Many Americans are broken. Most respond with dignity and patience.

It was just the other morning that I saw and heard the anguished yet determined report of a mother whose soldier-son was killed in that ambush in Niger.  The news media, which drowns us with equal parts information and hyperbole, was trying to extract a statement from her—a woman reeling from fresh grief—about whether or not the current president had phoned her.  (He hadn’t.)

We absolutely do not feel personally safe in the current national environment. 

With painful dignity and uncommon nobility, this poor lady simply stated:  “I don’t care if I hear from the White House or not.  I just want my son to be remembered.”  And she pronounced his name out loud, her trembling voice a slab of quiet strength and fortitude.

We absolutely do not feel personally safe in the current national environment.

Endless American deaths in interminable wars in far-off places that have little to do with the sweet comfort of a placid suburban neighborhood in Kansas City, the hard-working environs of a public school in Shaker Heights, Ohio, the gritty labor of a struggling auto-parts factory in Aurora, Colorado, and the wind-blown exertion of a family farm near Des Moines.

We working Americans, befuddled by governmental bureaucracy and incapacity, scraping for wages and the jobs themselves, gripping with the fears of pensions drying up or simply being filched, are truly losing hope.  And we are cynical, almost resigned, to the entrenched ineptitude of too many elected officials.  We have become accustomed to their disingenuous patterns of speech and behavior.  There is no trust.

I walk among my fellow citizens of all colors, creeds, and moderate economic categories in the non-effete city of Oceanside, Ca.  They are out and about, looking for affordable gasoline, buying groceries, seeking non-robotized, more personal services for their home and personal needs, stealing a few weekend moments at the public beaches and parks.  There is a prevailing sense of loneliness out there—we don’t expect our streets to be paved smooth, our mail to be delivered on time, and we are burdened with mixed feelings about our police officers.  There is hectoring and bile coming at us nonstop from our national leadership.  Bickering among them that recalls children throwing their toys at each other.  The ground is not secure under our feet.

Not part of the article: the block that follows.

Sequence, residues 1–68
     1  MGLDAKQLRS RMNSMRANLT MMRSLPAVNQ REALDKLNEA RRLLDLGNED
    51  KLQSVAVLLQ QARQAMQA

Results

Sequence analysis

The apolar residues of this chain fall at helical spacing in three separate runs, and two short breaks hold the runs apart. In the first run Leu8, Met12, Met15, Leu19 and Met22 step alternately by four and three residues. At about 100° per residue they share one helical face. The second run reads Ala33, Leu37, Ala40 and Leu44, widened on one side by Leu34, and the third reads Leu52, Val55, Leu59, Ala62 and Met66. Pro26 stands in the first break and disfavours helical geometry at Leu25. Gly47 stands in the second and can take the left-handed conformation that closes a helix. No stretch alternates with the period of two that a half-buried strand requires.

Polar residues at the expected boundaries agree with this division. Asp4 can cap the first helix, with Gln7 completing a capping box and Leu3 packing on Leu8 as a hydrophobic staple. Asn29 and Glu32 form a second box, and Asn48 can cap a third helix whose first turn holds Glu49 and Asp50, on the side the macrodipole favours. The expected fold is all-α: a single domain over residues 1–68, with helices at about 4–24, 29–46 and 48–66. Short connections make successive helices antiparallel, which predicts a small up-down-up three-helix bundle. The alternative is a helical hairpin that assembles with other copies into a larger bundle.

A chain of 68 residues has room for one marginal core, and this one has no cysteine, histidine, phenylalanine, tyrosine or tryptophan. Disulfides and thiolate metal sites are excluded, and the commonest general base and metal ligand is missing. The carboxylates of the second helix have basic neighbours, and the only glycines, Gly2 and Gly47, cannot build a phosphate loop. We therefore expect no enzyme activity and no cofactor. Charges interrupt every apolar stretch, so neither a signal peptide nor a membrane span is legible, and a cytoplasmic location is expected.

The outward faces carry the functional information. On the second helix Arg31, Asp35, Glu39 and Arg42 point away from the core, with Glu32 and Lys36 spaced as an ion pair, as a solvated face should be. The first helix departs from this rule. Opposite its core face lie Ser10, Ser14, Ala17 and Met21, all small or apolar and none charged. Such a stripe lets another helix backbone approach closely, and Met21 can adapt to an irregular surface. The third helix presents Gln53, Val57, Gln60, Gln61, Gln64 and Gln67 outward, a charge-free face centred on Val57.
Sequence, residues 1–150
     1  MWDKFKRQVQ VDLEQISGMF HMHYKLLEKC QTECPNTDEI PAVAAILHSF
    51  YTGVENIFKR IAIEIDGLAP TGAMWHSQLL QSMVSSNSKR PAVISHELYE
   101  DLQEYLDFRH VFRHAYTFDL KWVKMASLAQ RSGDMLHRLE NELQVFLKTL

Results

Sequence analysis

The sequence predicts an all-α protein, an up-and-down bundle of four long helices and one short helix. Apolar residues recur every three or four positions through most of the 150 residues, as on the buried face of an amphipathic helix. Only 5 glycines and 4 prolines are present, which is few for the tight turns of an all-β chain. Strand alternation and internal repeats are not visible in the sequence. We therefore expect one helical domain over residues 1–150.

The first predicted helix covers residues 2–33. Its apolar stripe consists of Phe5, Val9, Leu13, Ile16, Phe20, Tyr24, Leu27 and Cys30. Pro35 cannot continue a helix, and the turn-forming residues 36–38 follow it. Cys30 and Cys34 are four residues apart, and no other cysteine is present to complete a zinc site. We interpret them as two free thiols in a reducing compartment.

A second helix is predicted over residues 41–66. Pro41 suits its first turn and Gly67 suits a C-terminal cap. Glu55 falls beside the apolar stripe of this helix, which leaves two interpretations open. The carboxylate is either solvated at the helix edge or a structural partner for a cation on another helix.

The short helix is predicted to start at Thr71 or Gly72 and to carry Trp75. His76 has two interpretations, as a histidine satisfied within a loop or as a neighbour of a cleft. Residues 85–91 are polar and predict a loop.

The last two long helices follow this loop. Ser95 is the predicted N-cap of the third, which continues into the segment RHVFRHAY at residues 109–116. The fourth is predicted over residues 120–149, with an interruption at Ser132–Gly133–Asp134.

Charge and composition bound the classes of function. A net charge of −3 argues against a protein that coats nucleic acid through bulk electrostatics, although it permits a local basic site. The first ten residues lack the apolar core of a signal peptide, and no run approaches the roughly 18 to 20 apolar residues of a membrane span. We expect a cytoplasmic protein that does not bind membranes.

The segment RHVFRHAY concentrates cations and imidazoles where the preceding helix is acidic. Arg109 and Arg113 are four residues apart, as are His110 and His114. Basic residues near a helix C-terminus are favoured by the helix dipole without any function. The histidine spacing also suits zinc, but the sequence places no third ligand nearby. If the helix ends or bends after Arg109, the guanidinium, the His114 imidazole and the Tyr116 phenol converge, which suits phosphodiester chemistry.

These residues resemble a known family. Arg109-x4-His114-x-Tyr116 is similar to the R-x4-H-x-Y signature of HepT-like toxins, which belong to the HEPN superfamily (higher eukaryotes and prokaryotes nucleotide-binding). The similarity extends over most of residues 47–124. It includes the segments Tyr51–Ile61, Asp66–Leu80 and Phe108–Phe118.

So I think a lot about the street sweepers, the grocery clerks, the fire fighters, the schoolteachers, and the emergency room nurses.  They live in simple houses and usually carry more dignity than the entire crew occupying the White House.  They still raise a flag on Memorial Day across their unassuming porches and they try to pay their taxes on time for services they find hard to recognize.  The harder they work, the harder life treats them in a land so afflicted with civil negligence.

We’ve gotten used to all of this and it does not avail us.  Clearly, it should not be alleviated by any violence (the multiple shootings of Republican politicians at a Virginia ball yard was ghastly enough.)   And it does not appear to be solvable through the democratic process for now because too many of our elected leaders are feckless.  So what do we do?

We do not settle for it.  We look out for each other.  We actually go over and discover who our neighbors are and what they do for a living.  We say hello to every person who passes us by on our walks or runs.  We linger in conversations because there is nothing worse than loneliness. We let that guy into our lane as we drive along and we wave friendship in his direction. We call our kids and our friends for no reason other than find out how they are.  We make a covenant to help at least one person along the way every single day.

Then, sooner than later, the negativism that pervades in our good land will at last be trumped.

Image: Danny Santos II

Order my current book, ‘I DON’T KNOW WHAT TO BELIEVE: Making Spiritual Peace With Your Religion’

http://www.benkamin.com/ 

 

Author: Ben Kamin

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